These letters are just one of the many things that fell by the wayside this summer, along with my hair, my cuticles, and my sanity. We woke up with the sun, and often fell back into bed sometime long after it had sunk back down. During our breaks I was lucky if I found enough energy to shower and maybe even brush my hair. It was a long five months, a never-ending summer that somehow flew by. Every day dragged along, every week felt like it took several seasons with it, and yet in a moment it was over, and none of us could quite figure out where exactly it had gone.
You can’t immerse yourself in dude ranch life for that long without learning more than you signed up for. I could mend a high tinsel fence break with my eyes closed, and probably measure feed bowls in my sleep. Five months of grumpy horses, grumpy children, and grumpy bosses taught me that there isn’t a lot of difference between the three. Colorado weather ensured that I will never again trust the forecast, nor buy a tent that isn’t properly waterproof. Any horse I own from this day forward will be perfectly still when ground tied, able and willing to assist with opening gates, and completely comfortable with cattle, goats, fish, saddle bags, ponchos, tractors, screaming children, crying children, sleeping bags, umbrellas, fishing poles, golf carts, bicycles, fire trucks, superhero capes, fluffy tutus, and the possibility of coming into human living quarters if necessary. When is that necessary, you ask? Become a wrangler and maybe you’ll have the pleasure of finding out. The application’s online, along with the necessary forms to sign away your soul.
I spent my days leading clueless guests on trail rides through the mountains. The kind of clueless that lends false confidence and the arrogant belief that they actually know how to ride. Here’s a tip: If you ever find yourself, by choice, at a DUDE ranch on a push-button horse who dutifully places himself in line without any help from you, then you’re not a good rider. You’re just not. You may be an improving rider, maybe even promising, but above all else, you are a novice. Novice. The fact you’ve been on a horse more than twice in your life and have, in fact, loped once before does NOT make you an advanced rider, and I promise the trail guide in front of you is rolling their eyes and gritting their teeth at your ignorance. Cool, glad we cleared that up.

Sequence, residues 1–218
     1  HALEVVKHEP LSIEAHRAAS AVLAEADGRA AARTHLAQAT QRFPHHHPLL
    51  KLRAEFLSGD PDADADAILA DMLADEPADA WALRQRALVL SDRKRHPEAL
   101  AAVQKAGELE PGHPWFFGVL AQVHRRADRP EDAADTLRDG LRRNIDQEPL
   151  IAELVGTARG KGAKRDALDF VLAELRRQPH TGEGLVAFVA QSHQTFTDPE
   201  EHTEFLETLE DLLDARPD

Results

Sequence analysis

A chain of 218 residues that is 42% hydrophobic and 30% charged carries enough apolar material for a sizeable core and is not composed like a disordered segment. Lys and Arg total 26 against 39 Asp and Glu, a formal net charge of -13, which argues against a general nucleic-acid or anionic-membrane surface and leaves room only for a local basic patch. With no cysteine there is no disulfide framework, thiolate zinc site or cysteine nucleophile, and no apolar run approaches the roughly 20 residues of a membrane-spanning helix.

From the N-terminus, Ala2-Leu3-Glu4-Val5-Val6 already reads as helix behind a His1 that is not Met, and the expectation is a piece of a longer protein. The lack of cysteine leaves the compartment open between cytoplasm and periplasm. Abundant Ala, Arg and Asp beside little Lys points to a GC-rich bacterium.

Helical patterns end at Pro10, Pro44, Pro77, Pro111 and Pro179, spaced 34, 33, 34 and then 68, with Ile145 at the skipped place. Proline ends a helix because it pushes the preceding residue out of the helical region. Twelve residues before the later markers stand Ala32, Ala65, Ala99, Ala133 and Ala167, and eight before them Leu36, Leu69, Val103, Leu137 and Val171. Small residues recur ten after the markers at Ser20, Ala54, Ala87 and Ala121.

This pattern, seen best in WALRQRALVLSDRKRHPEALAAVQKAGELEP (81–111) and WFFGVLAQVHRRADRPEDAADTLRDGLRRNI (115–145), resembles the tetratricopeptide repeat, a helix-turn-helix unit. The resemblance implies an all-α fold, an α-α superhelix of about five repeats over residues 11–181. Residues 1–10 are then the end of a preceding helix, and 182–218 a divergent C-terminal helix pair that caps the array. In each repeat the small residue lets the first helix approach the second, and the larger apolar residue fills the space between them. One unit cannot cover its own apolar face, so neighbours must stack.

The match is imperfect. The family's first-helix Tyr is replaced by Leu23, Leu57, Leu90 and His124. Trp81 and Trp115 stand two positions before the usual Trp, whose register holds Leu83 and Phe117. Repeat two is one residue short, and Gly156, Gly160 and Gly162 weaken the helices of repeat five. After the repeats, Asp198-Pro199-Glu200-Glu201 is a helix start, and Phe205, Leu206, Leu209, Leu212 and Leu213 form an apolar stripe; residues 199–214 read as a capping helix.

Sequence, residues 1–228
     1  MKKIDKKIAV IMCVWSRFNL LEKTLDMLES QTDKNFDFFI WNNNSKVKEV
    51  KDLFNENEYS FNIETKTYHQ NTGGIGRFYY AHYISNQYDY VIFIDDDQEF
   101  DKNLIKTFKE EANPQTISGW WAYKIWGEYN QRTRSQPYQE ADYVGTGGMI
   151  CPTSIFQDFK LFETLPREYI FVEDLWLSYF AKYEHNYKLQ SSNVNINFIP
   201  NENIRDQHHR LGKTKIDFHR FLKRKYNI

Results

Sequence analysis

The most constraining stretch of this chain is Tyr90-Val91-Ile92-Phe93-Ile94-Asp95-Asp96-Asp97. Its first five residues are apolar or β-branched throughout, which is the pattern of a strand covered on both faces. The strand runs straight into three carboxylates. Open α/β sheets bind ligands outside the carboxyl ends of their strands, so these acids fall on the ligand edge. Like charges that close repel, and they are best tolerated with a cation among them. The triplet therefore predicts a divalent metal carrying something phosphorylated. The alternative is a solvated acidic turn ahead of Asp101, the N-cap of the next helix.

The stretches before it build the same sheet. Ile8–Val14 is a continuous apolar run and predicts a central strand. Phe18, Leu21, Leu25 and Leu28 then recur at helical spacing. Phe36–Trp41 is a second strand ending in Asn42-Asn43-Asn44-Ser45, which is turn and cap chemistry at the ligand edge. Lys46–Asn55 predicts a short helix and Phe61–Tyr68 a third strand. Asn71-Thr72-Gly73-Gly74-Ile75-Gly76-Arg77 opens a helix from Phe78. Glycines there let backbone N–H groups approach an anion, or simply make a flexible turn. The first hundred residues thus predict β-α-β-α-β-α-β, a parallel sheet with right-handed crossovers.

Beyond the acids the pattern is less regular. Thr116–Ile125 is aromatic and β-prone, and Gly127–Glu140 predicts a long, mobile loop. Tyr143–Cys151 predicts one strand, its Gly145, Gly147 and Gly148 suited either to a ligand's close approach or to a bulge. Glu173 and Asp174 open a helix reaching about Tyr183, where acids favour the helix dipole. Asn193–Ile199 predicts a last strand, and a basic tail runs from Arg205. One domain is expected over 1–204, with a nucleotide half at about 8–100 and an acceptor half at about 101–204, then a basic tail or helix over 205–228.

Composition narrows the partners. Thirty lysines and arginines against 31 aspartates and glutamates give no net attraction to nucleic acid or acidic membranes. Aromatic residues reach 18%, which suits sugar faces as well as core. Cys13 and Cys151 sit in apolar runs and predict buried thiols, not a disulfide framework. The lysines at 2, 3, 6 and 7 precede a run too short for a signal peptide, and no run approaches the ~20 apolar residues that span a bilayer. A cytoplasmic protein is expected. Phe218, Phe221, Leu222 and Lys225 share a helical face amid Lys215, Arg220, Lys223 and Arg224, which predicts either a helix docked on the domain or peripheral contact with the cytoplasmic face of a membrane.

I’m also not sure any of these parents really understood what they were entrusting us with when they handed over their six year old’s and watched us plop them up on a horse and haul them off into the great unknown. We fed them pudgy pies and milkshakes. We encouraged them to kick their horses “like you would kick your brother” (They have tiny legs. Tiny legs are not very effective. Big kicks are therefore necessary on big, stubborn horses.) and to keep their horses away from one another because “you don’t like your friends touching your butt either.” We taught them to pee in the woods, which is a humorously complicated concept to a six year old. We were obviously
horrible the best influences you could have found to entertain your children for a week.
About the time we all figured out what the hell we were doing there it all started to end. My body had adjusted to crawling out of bed and dragging myself to the barn every morning in the dark. I could tack a horse in four minutes flat. I had perfected my lesson script. Then all of a sudden, Breanna needed a ride to the airport. Chelsea was packing up her car. Our little family was shrinking, our guest number decreasing, our workload lightening. That’s about the time I began realizing just what I was going to lose when the summer officially ended. A group of girls that knew me better than I wanted to admit, who had become my best friends, who had lived with me and worked with me for months and still found me interesting enough to spend their time with. A collection of hearts that would forever be tied to mine, ensuring I never lacked someone to miss.
There were so many difficulties this summer, and so many frustrations. Mountain fencing was hard. Dealing with EIA for a week without hitting anyone was hard. The never ending line of navajo blankets to be washed was hard. But the hardest part by far was saying goodbye to all of them, watching Jenna drive off and Lexie board her plane, and walking away knowing that was the last time I would see those faces for far too long. At the same time, they’re what made the whole thing worthwhile. I would powerwash a hundred more navajos for those girls…although I can’t honestly say I would put up with EIA again for anyone. Ever.
On to the next adventure.